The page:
Danville Mayor Newell Arnerich, Orinda City Councilman Steve Glazer, Dublin Mayor Tim Sbranti and Catharine Baker vied for spots on the November ballot. (Courtesy photos)
Danville Mayor Newell Arnerich, Orinda City Councilman Steve Glazer, Dublin Mayor Tim Sbranti and Catharine Baker vied for spots on the November ballot for Assembly District 16. (Courtesy photos)

Update: 8:20 a.m. Wednesday: We’ve got a dead heat in the 4th Assembly District, with Republican Charlie Schaupp, a retired Marine and Yolo County farmer, one vote ahead — that’s right, one vote — of Napa City Councilman Bill Dodd, a Democrat. That virtual tie, which gives them both 25.7 percent of the vote, will likely go away after the still uncounted mail-in ballots are tallied in the district, which includes parts of Colusa, Lake, Napa, Solano, Sonoma and Yolo counties.

The third-place finisher is Dan Wolk, a Democratic city councilman in Davis and son of state Sen. Lois Wolk. He polled 24.6 percent of the vote but appears to be unlikely to overtake either Dodd or Schaupp to make it into the November general election.

Update, 1:30 a.m.: Catharine Baker and Tim Sbranti will advance to the general election in the 16th Assembly District.

In Senate District 10, Democratic Assemblyman Bob Wieckowski and Republican businessman Peter Kuo will advance.

Update, 10:15 p.m.: Republican Catharine Baker, the lone Republican vying for the 16th Assembly District, is leading the poll with 36 percent of votes. Tim Sbranti is in second place with 28 percent, and conservative Democrat Steve Glazer is in third at 24 percent.

Original post:

We’re keeping our eyes on the three most fiercely contested legislative races in California.

Assembly District 16:

One theme in this primary is centrist versus more left-leaning Democrats, and the poster child for that dichotomy is Assembly District 16. Orinda City Councilman Steve Glazer, a self-described Jerry Brown Democrat, announced last year during the second BART strike that he supported a bill that would strip BART unions of the right to strike. Business groups have heavily backed his campaign. Glazer’s chief opponent is Dublin Mayor Tim Sbranti, a teacher and activist in the California Teachers Association. Labor unions are supporting Sbranti. Danville Mayor Newell Arnerich, claiming to be the one true independent candidate, is squeezed in the middle. The advantage may go to moderate Republican attorney Catharine Baker, who wants to make education her top priority, and could survive the primary to challenge one of the three Democrats in November.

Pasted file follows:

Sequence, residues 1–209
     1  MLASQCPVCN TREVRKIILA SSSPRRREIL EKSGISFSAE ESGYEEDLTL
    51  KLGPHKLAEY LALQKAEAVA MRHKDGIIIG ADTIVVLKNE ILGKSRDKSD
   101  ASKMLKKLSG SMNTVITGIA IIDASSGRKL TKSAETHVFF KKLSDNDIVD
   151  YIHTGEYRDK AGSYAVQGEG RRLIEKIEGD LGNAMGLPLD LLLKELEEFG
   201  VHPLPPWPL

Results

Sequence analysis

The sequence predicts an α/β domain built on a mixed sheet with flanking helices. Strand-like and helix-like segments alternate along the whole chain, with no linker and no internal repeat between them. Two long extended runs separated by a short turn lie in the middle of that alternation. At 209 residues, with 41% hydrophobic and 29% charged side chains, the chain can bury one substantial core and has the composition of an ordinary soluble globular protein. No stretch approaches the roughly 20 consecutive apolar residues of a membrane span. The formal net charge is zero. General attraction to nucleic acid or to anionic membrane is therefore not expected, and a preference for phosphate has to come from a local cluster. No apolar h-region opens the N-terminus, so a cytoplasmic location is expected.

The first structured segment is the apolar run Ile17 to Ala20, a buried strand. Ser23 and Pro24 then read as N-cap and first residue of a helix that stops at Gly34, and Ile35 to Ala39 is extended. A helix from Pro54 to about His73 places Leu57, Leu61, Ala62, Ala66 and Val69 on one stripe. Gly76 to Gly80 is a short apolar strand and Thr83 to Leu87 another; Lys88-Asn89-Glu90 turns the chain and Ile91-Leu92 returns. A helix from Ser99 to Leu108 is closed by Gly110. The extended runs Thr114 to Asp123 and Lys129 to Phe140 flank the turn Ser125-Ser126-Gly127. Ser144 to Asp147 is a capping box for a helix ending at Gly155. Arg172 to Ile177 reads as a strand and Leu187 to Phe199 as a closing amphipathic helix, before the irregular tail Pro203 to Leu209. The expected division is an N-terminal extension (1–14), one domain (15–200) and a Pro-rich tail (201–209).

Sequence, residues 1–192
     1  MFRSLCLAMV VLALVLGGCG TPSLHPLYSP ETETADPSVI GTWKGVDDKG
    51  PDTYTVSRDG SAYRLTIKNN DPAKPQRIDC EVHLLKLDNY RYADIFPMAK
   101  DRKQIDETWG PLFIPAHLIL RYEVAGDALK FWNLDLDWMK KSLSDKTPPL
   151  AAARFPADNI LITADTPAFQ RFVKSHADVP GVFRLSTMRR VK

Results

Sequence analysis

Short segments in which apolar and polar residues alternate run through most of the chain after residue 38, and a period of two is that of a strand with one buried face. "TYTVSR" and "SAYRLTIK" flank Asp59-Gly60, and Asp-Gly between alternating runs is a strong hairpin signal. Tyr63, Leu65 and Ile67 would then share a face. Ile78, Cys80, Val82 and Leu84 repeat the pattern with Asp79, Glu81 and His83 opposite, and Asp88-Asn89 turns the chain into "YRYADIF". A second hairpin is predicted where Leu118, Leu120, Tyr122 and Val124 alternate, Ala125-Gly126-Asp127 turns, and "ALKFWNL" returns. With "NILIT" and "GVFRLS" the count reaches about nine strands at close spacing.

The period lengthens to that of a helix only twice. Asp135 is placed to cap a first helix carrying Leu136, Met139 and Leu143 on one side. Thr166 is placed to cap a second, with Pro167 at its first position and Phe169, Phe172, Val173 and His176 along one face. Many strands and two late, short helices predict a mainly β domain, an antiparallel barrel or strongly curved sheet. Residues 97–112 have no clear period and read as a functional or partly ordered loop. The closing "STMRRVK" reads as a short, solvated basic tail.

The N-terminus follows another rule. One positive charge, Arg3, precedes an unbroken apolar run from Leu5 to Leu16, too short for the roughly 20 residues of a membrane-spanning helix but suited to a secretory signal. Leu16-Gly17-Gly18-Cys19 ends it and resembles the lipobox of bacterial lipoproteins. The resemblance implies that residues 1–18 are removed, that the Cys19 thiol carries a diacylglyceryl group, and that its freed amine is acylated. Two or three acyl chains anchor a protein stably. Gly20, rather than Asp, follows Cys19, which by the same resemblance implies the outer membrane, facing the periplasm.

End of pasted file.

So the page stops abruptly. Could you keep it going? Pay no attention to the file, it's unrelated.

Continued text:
Related: As Democrats Split Vote, Rare Chance Emerges for East Bay Republican

Assembly District 4:

Another race with a business/labor divide is Assembly District 4, the third-most-expensive legislative race in the state.  Business groups are backing Bill Dodd, a moderate Napa city councilman, with labor and the Democratic Party getting behind Dan Wolk—a Davis City councilman and son of incumbent state Sen. Lois Wolk. The negative campaign ads on behalf of those two shouldn’t obscure the record of Davis Mayor and Democrat Joe Krovoza. There are also two Republicans in the race, including Charlie Schaupp, a retired Marine officer and Yolo County farmer.

Senate District 10:

Perhaps the nastiest campaign in the Bay Area is the fight for an open seat in Senate District 10. Two Democrats have grabbed the headlines here. Ex-Assemblywoman Mary Hayashi has dubbed Assemblyman Bob Wiekowski “Bob the Bully” for circulating an edited video of Hayashi in the act of shoplifting more than $2,000 in merchandise from a Neiman Marcus store. She remains on probation. Wiekowski supporters have dubbed Hayashi “Mug Shot Mary.” Insurance agent and Republican Peter Kuo is the low-key beneficiary of this mudslinging.

For results from all legislative races, visit the Secretary of State website. 

  • http://district5diary.blogspot.com/ Rob Anderson

    Defeating Steve Glazer is another great victory for the unions and the Democratic Party, which brought us the Central Subway boondoggle and wants to bring us the even bigger high-speed rail boondoggle because it’s all about jobs for the membership. And allowing BART workers to abuse the public with strikes when, like Muni workers, they are in a sulk about having to pay for their own retirement plans.

    As a working class Democrat, I think this is shameful. Workers in these unions are now just another special interest, more hogs at the trough.

Author

Cy Musiker

Cy Musiker co-hosts The Do List and covers arts and politics for KQED News and The California Report.  He loves good theater, roots music, Berlioz, Mahler and serving the people. Cy has an MJ from UC Berkeley's School of Journalism, and got his BA from Hampshire College. His work has been recognized by the Society for Professional Journalists with their Sigma Delta Chi Award for Public Service in Journalism. When he can, Cy likes to swim in Tomales Bay, run with his dog in the East Bay Hills, and hike the Sierra.

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